Bali gov’t grants Dior permission to use kain endek for its collection

Some of the looks featuring kain endek at Dior’s Spring/Summer 2021 show. Photos: Indonesian embassy (KBRI) in Paris.
Some of the looks featuring kain endek at Dior’s Spring/Summer 2021 show. Photos: Indonesian embassy (KBRI) in Paris.

Bali provincial government and French fashion house Dior will be working together to promote warp-print fabrics native to the Indonesian province known as kain endek, after the material was showcased at Paris Fashion Week last year. 

Related ⁠— Bali’s kain endek gains spotlight on Dior’s runway during Paris Fashion Week

Governor Wayan Koster signed a memorandum of understanding with Dior’s senior vice president and general counsel, Marie Champey, during a virtual meeting last Friday. According to a press release issued by the Bali administration, the agreement includes cooperation to empower small and medium enterprises in Bali that produces handwoven endek.

Bali province has granted Dior permission to use its kain endek on the latter’s collection, as long as they are handmade by Balinese artisans, and that the handwoven patterns acquire intellectual property rights that specifies Bali as its geographical indication. In addition, Dior is prohibited from using kain endek produced beyond the province that uses modern weaving machines or other printing tools.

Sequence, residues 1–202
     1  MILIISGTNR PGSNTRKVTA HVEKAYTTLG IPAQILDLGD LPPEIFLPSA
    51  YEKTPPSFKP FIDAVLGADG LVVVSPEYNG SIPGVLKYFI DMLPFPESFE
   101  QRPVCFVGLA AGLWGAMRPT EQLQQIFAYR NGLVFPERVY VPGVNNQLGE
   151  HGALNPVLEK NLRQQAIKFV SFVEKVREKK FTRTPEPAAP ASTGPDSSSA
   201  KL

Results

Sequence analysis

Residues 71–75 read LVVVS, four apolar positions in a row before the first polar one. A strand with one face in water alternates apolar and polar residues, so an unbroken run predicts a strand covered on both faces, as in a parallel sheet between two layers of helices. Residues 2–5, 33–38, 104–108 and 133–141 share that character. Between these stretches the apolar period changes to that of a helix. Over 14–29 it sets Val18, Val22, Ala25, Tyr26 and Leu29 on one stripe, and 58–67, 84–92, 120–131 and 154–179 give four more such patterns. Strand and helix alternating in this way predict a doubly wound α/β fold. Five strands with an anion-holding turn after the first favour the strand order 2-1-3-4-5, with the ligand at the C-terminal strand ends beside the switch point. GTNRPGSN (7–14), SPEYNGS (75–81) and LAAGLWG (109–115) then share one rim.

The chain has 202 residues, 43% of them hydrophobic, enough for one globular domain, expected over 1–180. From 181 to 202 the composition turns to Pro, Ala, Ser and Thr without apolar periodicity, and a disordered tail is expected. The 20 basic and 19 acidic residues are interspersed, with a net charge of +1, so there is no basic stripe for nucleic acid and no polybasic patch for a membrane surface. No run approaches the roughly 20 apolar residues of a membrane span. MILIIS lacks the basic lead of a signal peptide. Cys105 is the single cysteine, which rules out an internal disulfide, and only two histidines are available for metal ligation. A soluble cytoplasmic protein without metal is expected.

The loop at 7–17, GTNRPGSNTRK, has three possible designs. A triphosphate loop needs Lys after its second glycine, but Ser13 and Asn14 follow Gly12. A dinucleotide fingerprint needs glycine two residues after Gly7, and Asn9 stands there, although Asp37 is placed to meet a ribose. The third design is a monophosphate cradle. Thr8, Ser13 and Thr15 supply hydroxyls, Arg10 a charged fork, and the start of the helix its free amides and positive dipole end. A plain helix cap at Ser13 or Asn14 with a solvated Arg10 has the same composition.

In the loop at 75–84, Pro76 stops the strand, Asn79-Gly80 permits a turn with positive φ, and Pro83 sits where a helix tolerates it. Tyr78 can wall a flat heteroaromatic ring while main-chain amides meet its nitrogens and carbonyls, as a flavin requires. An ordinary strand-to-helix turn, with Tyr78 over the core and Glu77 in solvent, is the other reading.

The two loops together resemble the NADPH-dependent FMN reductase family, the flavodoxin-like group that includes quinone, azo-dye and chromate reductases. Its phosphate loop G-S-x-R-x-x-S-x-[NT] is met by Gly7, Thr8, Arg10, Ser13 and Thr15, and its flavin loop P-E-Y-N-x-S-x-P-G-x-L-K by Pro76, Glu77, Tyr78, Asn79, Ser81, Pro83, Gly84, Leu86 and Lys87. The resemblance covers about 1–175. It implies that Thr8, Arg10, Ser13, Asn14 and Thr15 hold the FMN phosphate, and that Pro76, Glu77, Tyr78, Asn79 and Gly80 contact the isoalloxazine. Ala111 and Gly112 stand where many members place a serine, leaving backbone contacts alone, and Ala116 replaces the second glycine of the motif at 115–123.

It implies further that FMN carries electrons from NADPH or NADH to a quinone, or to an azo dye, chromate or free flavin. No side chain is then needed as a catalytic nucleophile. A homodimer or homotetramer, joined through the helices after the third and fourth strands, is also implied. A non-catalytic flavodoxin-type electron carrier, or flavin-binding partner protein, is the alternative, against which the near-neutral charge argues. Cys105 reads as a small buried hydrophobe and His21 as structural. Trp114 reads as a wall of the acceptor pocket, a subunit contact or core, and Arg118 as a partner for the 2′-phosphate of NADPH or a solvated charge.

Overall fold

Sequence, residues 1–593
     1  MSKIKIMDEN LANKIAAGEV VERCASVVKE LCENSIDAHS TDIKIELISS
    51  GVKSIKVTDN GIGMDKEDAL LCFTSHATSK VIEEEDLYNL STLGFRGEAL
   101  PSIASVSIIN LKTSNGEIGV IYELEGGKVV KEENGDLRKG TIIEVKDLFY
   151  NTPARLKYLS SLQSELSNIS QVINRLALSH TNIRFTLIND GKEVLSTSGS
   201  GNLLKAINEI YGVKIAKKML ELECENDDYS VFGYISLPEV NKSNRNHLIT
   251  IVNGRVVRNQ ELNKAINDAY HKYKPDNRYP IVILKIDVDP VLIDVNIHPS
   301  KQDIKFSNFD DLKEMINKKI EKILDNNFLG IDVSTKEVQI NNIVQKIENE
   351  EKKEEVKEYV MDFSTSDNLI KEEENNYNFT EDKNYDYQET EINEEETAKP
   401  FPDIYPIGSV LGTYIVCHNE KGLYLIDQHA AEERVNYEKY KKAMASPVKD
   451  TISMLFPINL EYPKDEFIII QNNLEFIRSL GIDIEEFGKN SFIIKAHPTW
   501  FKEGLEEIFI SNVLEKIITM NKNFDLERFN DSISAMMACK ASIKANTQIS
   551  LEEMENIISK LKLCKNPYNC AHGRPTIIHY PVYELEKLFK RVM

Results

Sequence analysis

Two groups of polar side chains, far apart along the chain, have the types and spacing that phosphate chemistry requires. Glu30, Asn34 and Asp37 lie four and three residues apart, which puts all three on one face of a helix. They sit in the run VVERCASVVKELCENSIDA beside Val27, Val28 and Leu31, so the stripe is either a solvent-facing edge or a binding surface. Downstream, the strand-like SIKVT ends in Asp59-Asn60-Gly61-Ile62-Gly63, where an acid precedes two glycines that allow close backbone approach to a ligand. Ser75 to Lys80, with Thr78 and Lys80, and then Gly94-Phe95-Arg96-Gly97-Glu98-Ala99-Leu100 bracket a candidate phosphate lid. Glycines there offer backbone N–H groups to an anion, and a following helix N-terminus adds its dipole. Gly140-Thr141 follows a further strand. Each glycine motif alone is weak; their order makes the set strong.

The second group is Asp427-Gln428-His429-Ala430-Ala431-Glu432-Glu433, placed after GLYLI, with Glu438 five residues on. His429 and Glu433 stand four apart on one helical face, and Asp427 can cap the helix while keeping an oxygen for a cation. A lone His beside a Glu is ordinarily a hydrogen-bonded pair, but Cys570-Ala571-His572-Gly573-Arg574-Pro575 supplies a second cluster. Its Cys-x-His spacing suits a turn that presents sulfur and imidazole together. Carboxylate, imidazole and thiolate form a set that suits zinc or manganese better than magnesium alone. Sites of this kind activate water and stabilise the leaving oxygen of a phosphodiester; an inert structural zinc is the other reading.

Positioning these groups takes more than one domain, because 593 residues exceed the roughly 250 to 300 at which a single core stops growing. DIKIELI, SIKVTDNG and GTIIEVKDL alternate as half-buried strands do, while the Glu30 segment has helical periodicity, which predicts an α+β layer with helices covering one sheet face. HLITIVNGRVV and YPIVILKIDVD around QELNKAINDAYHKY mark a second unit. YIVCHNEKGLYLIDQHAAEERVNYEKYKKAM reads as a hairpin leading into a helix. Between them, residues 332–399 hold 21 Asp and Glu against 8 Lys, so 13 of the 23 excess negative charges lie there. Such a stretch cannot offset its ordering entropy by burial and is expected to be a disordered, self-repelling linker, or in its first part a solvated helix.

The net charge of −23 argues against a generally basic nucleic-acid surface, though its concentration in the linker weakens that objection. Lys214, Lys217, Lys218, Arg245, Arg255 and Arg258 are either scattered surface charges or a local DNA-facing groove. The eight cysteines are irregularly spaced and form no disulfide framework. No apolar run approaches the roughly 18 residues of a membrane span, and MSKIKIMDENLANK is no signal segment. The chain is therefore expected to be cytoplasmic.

The agreement also contains more specific details, such as the provincial government requiring transparent and accountable information from Dior on the order fulfillment, or that the maximum length for each pattern is set at 105 centimeters.

“Considering the limited capacity to produce kain endek Bali and in order for artisans in Bali to fulfill the demands of Christian Dior Fashion House, then orders for kain endek Bali should be done in advance,” Koster said.

Kain endek is popular among many Balinese and believed to have originated from the Klungkung regency. Though the woven fabric has been around for centuries, endek reportedly only became more commercialized around the ‘80s.

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